I was turned on to St. Vincent several years ago by an extraordinary guitarist in Seattle whose taste in music I found questionable at best. Usually I’d listen to his recommendations and wind up moaning “Oh, for fuck’s sake” thirty seconds into the first track. But I did not feel that way about St. Vincent: I found her mesmerizing and extraordinarily gifted. On St. Vincent, she does nothing to dispel my admiration, and while my readers know that I’m never going to find perfection in any album, she comes pretty close—certainly as close as Amanda Palmer did in Theatre of Evil. I was fortunate enough to see her show at La Cigale last month and was absolutely knocked out by her performance. With fewer electronic patches in a live setting, her sound is delightfully rougher and edgier, her voice is as clear as spring water and she’s terribly sexy even when engaged in android-like choreographed moves.
St. Vincent opens with “Rattlesnake,” a recorded piece of one-woman theatre that is both gripping and illuminating. The scene is this: Annie is alone in the middle of nowhere in the Texas sands, buck-naked. Only the power lines serve to link her to civilization, described both in lyric and in the flickering buzz of the background music. The vocal effects make it sound like you’re hearing her thoughts: the voice sounds compressed in layers of brain cotton. As she surveys the scene, she casually notices the possibility of danger in her isolation while making a tenuous but comforting connection to the civilized world through art:
I see the snake holes dotted in the sand
As if the Seurat painted the Rio Grande
Am I the only the one in the only world?
As she ponders her isolation, primal, gut-level fear begins to speed through her nervous system, separating her further from the civilized self:
The only sound out here is my own breath
And my feet stuttering to make a path
Am I the only one in the only world?
Is that the wind finally picking up?
Is that a rattle sounding from the brush?
I’m not the only one in the only world
With the ironic discovery that the presence of the rattlesnake means she is not alone, her voice changes into an eerie laugh as the absurdity of the thought and her own vulnerability begin to engulf her. At this point, her vocal turns into that of a woman running in and out of breath as she flees the relentless danger, the relentless fear:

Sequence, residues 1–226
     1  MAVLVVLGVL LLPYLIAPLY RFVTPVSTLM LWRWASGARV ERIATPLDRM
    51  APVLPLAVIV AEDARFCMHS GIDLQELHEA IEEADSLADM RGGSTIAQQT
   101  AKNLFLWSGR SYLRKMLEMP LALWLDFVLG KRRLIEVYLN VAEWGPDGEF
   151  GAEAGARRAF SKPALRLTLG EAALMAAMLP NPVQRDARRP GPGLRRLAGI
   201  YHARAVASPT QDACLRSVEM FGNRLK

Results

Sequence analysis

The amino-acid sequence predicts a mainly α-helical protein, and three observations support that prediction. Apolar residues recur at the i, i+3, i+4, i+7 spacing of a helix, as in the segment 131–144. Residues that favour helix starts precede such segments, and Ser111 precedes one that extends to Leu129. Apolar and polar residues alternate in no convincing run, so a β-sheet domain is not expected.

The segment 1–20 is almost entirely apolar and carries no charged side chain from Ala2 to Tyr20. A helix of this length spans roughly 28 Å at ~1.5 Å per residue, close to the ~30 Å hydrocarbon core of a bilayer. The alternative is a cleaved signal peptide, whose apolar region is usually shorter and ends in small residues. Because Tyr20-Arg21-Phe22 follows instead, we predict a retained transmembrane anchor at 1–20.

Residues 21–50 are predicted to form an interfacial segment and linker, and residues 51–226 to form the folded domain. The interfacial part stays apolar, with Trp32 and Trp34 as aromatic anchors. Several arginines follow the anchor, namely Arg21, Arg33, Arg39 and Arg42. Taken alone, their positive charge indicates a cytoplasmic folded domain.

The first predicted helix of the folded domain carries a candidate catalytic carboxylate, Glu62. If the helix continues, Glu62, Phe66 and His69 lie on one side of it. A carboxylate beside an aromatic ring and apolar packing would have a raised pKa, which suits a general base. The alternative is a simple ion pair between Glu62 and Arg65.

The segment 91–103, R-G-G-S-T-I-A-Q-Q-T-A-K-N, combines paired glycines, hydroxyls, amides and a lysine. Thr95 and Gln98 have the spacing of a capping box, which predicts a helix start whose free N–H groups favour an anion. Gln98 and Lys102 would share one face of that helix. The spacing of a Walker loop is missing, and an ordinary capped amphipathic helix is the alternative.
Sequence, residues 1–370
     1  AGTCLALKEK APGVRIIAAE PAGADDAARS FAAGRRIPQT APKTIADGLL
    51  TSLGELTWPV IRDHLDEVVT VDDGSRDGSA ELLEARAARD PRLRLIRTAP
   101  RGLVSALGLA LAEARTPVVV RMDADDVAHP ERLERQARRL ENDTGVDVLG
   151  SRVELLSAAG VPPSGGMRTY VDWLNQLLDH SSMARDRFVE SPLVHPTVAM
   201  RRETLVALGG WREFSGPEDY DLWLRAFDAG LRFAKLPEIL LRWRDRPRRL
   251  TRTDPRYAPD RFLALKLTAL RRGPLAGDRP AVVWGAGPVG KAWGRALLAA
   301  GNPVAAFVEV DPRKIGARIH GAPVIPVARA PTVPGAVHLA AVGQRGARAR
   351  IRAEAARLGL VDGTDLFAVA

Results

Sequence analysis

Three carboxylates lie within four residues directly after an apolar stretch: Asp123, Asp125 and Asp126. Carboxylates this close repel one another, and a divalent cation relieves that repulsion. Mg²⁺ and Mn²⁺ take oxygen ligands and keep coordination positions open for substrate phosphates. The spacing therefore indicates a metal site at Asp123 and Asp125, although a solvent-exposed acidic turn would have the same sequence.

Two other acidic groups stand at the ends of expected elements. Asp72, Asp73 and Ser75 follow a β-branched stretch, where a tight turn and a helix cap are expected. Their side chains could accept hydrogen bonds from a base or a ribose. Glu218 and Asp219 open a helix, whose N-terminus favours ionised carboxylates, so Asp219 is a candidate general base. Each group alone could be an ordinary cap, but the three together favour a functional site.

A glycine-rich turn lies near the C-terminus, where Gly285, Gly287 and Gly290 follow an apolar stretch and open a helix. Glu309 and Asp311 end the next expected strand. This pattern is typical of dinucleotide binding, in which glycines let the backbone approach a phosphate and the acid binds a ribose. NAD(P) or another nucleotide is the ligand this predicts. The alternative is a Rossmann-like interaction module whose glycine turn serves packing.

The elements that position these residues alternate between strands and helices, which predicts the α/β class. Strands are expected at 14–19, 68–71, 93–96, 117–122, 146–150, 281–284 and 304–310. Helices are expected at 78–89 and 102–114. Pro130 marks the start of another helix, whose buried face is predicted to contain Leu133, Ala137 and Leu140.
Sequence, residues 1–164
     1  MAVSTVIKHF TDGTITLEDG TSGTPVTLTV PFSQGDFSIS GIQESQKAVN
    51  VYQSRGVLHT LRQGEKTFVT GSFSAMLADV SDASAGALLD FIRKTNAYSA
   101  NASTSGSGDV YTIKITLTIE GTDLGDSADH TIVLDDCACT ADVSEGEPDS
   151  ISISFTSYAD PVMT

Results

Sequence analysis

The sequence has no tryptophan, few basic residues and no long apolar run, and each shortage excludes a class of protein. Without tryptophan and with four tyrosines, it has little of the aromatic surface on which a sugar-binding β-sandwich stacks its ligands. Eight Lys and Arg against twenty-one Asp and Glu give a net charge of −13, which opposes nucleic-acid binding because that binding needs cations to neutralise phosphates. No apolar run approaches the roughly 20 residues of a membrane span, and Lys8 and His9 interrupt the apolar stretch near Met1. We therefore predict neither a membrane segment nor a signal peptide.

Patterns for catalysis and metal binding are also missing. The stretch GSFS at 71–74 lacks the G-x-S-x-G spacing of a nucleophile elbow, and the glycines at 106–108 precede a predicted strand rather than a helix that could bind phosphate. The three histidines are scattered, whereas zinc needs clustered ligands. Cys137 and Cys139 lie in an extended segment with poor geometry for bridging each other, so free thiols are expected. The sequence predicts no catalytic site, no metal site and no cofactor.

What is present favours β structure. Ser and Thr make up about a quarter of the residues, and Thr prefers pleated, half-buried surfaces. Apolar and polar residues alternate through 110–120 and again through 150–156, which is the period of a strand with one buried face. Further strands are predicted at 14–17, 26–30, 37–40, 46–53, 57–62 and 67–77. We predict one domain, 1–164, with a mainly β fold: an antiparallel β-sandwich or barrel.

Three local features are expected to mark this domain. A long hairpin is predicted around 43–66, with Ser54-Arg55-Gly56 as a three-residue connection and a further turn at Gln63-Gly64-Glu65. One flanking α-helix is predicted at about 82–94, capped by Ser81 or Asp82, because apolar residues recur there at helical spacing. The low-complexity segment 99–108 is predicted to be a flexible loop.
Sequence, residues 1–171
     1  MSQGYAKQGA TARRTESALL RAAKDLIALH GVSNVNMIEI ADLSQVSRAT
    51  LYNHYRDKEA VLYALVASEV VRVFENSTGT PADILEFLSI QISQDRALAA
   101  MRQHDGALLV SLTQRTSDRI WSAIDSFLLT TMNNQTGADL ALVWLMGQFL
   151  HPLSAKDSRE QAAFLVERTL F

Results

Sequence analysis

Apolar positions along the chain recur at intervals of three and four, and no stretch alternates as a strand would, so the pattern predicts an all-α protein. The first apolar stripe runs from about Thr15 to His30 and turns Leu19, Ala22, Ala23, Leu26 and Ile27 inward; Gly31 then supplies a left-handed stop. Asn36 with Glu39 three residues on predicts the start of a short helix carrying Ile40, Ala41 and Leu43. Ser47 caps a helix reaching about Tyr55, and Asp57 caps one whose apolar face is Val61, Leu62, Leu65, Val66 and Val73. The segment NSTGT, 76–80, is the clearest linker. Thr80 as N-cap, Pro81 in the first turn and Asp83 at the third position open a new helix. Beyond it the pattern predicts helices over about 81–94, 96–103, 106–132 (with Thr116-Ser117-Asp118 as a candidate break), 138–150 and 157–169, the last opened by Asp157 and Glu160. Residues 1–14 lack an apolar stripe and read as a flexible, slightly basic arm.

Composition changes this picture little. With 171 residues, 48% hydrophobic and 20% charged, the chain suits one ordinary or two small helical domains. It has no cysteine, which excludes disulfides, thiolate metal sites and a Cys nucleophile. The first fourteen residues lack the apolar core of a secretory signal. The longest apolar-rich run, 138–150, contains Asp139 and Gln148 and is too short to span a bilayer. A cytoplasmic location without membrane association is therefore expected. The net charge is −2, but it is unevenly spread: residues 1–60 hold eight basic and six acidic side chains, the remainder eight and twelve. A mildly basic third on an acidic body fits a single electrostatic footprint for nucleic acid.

Running running running rattle behind me
Running running running no one will ever find me
Sweating sweating sweating rattle behind me
Running running running no one will ever find me
The tension builds through a ripping guitar solo before the music comes to a stop: there is no happy ending or ending of any kind. We are left with the image of the naked woman fleeing from the sudden appearance of a threat to survival that does not exist in the civilized world. It would be shocking indeed for any person used to the day-to-day with its illusion of safety to find themselves in such a predicament. The stripping of her clothes is symbolic of her desire to disconnect herself from civilization, which is itself disconnected from primal instinct. The symbolism of the power lines is multi-faceted; part of it lies in the question, “What shall we do with all this useless power?” when it is of no help whatsoever in a situation like this; but it also highlights the vulnerability inherent in our dependence on technology as a means of connecting to what we know as “the world.” This is a very wordy interpretation of a song that is better experienced: it hits you on an instinctual level and you find yourself hooked into the fear. Here, listen!
Annie returns to the mundane for “Birth in Reverse,” a melodic driver that exhibits her absurd sense of humor, her remarkable voice and her willingness to expand our perception of the commonplace:
Oh, what an ordinary day
Take out the garbage, masturbate